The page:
Life Cycle of Spider Mites
The eggs of most mite species overwinter on the leaves and bark of their host plants. As the weather warms in early spring, tiny six-legged larvae hatch and feed for a few days before finding refuge and molting into the first nymphal stage. Nymphs have eight legs and go through two more molts before they reach adulthood.
Females can generate as many as 300 eggs in a couple of weeks after mating. The rapid development of these pests is aided by hot, dry conditions.
In such circumstances, the transition from egg to adult could take as short as 5 days. Each year, numerous generations overlap.
Spider mites are known to be windsurfers. They disperse over large areas, riding the breezes on their webbing. That’s why infested plants must be carefully contained and disposed of.
Damage Caused by Them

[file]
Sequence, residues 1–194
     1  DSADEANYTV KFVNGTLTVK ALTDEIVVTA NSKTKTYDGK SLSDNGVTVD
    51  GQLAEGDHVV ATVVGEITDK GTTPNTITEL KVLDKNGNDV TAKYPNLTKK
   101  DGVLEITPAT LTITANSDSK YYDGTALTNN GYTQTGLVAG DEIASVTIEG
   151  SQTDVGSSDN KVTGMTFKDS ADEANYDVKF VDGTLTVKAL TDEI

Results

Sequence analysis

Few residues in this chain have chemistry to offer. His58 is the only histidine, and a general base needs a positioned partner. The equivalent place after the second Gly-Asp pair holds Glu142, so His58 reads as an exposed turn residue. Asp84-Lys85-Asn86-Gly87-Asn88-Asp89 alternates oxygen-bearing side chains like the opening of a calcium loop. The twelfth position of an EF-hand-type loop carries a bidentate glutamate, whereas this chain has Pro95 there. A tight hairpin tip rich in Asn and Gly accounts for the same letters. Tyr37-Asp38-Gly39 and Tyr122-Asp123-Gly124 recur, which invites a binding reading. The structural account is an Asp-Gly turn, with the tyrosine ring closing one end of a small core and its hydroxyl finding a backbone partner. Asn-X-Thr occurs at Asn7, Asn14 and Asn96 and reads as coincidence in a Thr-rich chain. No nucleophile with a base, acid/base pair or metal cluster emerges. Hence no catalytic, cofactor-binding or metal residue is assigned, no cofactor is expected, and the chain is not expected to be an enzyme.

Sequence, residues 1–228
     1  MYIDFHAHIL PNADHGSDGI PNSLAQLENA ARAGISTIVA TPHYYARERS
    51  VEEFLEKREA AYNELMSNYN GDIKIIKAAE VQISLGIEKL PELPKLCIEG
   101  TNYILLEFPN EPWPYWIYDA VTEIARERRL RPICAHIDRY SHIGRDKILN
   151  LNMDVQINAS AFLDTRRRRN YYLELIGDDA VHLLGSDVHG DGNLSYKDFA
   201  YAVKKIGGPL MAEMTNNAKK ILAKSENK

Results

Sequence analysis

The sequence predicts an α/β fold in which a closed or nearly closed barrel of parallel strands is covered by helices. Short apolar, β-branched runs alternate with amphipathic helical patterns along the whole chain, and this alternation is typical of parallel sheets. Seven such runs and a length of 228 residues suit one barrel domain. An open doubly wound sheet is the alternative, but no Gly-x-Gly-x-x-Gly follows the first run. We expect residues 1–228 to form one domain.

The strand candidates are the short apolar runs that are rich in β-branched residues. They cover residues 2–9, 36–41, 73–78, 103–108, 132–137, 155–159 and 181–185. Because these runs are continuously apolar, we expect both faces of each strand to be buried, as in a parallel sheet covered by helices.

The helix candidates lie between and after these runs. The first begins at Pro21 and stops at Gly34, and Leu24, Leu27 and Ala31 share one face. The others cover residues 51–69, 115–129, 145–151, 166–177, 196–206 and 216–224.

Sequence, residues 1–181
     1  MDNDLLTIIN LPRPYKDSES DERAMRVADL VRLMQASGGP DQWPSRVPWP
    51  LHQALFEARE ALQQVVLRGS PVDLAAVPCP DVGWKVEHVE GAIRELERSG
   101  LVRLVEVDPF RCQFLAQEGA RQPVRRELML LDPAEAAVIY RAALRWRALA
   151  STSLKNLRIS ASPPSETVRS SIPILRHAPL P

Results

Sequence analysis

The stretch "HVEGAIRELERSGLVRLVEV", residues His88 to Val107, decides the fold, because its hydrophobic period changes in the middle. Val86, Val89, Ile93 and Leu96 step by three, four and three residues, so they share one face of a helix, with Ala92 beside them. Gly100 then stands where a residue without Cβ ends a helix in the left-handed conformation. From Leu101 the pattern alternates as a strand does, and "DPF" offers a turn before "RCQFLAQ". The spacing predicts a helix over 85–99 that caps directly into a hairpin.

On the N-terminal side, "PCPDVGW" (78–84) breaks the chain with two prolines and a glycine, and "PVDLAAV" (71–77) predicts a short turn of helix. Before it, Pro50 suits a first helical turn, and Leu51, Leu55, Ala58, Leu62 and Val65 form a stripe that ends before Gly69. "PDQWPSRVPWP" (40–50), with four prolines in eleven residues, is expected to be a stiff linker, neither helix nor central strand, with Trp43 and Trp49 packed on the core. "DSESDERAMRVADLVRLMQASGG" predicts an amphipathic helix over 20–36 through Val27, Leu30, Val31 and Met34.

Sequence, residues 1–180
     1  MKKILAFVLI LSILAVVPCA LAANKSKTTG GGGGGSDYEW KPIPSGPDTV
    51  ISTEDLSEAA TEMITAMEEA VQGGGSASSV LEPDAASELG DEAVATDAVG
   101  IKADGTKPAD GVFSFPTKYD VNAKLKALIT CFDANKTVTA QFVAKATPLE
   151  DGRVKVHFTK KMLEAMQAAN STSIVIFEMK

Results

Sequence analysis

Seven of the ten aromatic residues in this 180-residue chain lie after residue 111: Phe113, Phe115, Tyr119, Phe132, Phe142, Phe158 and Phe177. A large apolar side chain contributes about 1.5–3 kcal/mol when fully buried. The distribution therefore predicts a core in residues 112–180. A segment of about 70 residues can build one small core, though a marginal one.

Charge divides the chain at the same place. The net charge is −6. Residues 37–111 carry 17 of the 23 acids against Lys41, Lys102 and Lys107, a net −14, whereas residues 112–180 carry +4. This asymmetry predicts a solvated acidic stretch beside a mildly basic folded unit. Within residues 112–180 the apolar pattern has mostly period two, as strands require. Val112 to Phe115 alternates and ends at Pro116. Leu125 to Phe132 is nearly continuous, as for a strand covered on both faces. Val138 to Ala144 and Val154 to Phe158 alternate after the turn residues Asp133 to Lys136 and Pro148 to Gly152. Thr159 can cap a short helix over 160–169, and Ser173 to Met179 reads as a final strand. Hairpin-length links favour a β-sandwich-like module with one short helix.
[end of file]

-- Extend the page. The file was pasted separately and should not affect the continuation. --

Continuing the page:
Spider mites, which are nearly invisible, find their way into our gardens unnoticed. Each one survives by sucking material from plant cells, no matter how few there are. Large infestations leave visible signs of their presence.
Spider mites have piercing-sucking mouthparts that they utilize to collect fluids from leaf tissues while feeding on plant sap. This results in a stippled pattern of tiny white or yellow spots on leaves. It’s possible that they’ll change color, curl, and fall off. The activity of the mites can be seen in the tight webs that form under leaves and along stems.
Spider mite damage becomes more obvious as their population grows. Plants grow progressively fragile and unattractive as their leaves turn yellow and fall off.